Hunting is West Virginia’s unofficial state pastime, and with more than 80 percent of the state covered by forest, West Virginia boasts vast hunting opportunities, including millions of acres of public land found throughout the state.
Certainly no other activity, with a possible exception of breathing, is so universally enjoyed in the state. Nor has any other pastime been enjoyed for so long.
West Virginians have been hunting since the days ancient folks learned to fashion flint into spear points. From the stone-age times through the Great Depression most state residents relied on hunting as a major source of meat. While game still provides significant nutrition for modern residents, hunting has become a sport and a tradition enjoyed by hundreds of thousands. During the fall deer season, more than a quarter of the state’s male population is afield as well as a significant number of female residents.
Each year, more than 350,000 hunters take to the forests and fields in search of game. Officials estimate the hunting industry creates more than 5,000 jobs and generate $270 million in economic benefit and much of that money is spent in rural areas.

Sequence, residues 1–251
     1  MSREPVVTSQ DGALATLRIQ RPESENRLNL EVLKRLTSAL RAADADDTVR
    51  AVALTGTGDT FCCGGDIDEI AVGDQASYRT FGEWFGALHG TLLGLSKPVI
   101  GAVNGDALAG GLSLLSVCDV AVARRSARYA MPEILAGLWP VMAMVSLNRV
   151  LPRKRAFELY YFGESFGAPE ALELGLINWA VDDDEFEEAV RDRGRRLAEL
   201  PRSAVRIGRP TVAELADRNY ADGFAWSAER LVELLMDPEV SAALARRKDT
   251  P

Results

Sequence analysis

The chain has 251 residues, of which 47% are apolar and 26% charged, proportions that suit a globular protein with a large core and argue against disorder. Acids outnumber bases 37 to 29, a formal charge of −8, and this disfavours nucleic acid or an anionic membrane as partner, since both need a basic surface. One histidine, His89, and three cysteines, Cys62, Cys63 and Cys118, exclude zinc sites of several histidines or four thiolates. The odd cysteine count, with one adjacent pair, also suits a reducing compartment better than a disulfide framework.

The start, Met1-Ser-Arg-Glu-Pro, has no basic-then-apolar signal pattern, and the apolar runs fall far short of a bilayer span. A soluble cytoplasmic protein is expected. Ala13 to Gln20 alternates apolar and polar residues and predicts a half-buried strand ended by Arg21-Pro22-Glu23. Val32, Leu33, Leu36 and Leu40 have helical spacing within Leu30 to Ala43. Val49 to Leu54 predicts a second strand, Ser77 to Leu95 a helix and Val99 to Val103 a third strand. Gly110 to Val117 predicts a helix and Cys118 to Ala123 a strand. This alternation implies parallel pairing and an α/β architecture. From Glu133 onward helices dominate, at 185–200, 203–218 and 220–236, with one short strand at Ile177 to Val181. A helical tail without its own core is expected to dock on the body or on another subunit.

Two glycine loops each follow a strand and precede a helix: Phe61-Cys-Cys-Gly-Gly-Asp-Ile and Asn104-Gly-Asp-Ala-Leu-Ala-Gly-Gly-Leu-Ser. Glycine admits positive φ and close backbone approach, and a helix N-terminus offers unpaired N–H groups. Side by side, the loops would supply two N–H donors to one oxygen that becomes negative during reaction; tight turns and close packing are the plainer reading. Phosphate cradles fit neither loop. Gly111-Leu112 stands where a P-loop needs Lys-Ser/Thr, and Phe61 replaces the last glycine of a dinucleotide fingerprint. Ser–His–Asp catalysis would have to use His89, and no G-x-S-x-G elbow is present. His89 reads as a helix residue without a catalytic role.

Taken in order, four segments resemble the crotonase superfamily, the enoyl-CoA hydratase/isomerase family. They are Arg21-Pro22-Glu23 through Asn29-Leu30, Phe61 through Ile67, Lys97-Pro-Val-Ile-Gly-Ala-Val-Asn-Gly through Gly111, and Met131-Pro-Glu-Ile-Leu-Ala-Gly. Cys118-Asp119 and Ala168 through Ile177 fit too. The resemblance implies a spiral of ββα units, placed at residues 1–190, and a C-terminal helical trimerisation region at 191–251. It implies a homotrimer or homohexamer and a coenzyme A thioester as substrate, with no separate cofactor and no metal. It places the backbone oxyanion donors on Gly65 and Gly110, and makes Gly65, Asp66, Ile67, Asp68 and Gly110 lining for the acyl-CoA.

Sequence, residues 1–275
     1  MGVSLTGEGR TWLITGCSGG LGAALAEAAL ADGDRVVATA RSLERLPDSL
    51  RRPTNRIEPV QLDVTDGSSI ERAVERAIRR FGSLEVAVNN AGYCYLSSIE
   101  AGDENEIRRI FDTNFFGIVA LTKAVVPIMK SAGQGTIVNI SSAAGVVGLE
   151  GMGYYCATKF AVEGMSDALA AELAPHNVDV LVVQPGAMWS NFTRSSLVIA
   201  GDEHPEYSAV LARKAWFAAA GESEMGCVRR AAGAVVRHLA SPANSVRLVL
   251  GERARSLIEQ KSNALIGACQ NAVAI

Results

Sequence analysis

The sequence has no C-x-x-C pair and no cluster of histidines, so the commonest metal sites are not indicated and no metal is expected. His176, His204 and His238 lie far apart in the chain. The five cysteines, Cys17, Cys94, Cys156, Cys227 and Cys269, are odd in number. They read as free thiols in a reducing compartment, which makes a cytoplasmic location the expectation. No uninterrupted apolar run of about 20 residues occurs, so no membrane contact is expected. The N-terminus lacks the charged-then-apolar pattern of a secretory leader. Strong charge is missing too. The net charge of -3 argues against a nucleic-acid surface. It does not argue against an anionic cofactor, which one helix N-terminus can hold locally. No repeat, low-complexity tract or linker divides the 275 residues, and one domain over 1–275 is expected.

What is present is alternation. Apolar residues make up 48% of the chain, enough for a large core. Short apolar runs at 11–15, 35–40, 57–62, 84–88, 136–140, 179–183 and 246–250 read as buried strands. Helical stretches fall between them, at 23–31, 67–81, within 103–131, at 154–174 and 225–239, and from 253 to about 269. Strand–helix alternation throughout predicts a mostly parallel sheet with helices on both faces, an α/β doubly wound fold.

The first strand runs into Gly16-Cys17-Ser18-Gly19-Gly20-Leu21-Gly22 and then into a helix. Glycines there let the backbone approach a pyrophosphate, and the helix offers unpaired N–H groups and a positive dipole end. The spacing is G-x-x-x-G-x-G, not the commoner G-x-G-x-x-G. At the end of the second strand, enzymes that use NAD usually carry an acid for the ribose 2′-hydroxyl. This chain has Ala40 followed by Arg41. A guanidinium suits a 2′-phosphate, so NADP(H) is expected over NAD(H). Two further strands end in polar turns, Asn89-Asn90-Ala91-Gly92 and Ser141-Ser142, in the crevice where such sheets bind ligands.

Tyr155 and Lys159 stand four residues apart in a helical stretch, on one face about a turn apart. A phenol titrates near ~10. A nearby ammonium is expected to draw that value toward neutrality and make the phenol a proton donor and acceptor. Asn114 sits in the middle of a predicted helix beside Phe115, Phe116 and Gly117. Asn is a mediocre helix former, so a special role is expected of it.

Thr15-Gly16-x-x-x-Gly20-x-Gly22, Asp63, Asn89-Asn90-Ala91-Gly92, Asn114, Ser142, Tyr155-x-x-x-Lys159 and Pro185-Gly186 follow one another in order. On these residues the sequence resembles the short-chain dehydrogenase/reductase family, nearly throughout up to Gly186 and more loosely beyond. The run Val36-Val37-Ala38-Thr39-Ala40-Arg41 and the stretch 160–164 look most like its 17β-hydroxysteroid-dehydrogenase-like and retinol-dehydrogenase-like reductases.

At West Virginia Explorer, we strive to bring you the information you need to hunt West Virginia in an easy-to-use format where you can quickly access the information you need, such as schedules, regulations, details on the millions of acres available for public-access hunting and common mistakes honest hunters make that earn them citations from conservation officers.
However, we also strive to bring you the stories you will hear nowhere else – of days when deer and turkey joined a long list of animals that had been extirpated from our great state and the story of the decades of revolutionary vision and hard work required to bring those game populations back.
We also strive to give you an idea of what the future may hold, such as what is happening currently with game and how to adjust your hunting strategies next season to maximize your time field and when we may see an elk season in the Mountain State.